CEO

New Pathways issue 108 is out now!

Posted on: April 06 2018

Hi everyone,Front cover of New Pathways

I am pleased to say New Pathways issue 108 is now landing on doormats across the country! As always we have a packed issue, full of all the latest multiple sclerosis (MS) news and research, including drug updates and the latest cannabis study findings. 

As the sunshine begins to make an appearance, we get topical with lots on vitamin D. MSer Ian Cook puts vitamin D tablets and sprays to the test (see page 30) and Kahn Johnson reveals what happened when his vitamin D levels became toxic on page 16. 

Also in this issue, MS Nurse Miranda Olding discusses sexual dsyfunction and what can be done to help (page 14) and we have the big interview with the star of Channel 4 programme 'The Search for a Miracle Cure' Mark Lewis (page 24). 

I hope you enjoy reading this issue, and please do email me your comments and letters to newpathways@ms-uk.org.

Best wishes,

Sarah-Jane

Editor, New Pathways

P.S. Don't forget New Pathways is available to read on the go. Download the My MS-UK app from the App store on your phone or tablet device today!

Guest blog: Working together to improve MS healthcare: including the voice of people with MS

Posted on: March 30 2018

Dawn Langdon, Professor of Neuropsychology at Royal Holloway, University of London, and Co-Chair of MS in the 21st Century reveals how you can help...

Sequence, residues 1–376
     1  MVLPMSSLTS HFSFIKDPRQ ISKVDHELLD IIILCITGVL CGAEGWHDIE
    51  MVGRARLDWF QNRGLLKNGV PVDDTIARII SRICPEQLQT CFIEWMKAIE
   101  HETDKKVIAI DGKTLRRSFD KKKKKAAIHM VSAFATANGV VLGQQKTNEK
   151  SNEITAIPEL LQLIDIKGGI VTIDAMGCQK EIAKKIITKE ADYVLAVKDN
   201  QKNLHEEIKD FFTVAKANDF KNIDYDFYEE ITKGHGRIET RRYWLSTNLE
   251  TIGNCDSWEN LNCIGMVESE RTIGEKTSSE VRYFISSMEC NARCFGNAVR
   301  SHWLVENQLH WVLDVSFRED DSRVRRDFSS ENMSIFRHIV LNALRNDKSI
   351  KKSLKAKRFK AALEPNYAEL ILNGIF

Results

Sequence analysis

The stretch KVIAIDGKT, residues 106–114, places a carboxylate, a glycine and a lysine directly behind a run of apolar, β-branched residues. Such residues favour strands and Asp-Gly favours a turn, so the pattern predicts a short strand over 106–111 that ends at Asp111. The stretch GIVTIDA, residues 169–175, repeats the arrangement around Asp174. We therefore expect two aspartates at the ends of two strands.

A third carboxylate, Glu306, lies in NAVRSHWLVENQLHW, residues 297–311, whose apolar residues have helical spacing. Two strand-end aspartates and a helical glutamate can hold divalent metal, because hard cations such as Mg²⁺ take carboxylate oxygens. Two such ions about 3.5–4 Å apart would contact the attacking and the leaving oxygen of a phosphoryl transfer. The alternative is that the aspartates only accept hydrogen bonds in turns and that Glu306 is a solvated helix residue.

Most people with MS recognise the expertise of their doctors and nurses, but somehow feel that there doesn’t seem to be enough time to cover all the things that matter to them and sometimes important things get missed. A group of people with MS and healthcare professionals are working together to improve clinic visits.

The group is called MS in the 21st Century. Many countries are represented and we learn from each other. We meet up a few times a year. We work to improve MS health care by understanding each other’s priorities and modelling partnership between people with MS and health professionals.Photo of Dawn Langdon

We have recently published a paper in a scientific journal which includes authors who have MS and also authors who are health professionals. This is a ground breaking project. The authors have discussed the priorities they have in an MS clinic visit and agreed a list of unmet needs from the viewpoints of both people with MS and health professionals. We have developed the paper jointly. As well as highlighting our different perspectives, we have also made practical recommendations. Our aim is to bridge the gaps between what people with MS and health professionals expect and provide.

We hope that the publication of this paper will be a key step towards ensuring that MS care addresses the expectations, priorities and needs of people with MS. It is vital that we work together to support people with MS to be fully engaged in managing their own condition. The paper emphasises the perspective of people with MS and how essential their involvement is in high-quality MS care.

From my own work as a neuropsychologist, I am particularly concerned to increase understanding of the psychological impact of MS, including cognition, mental health and wellbeing. We need to increase awareness of how these impacts can be recognised and successfully addressed.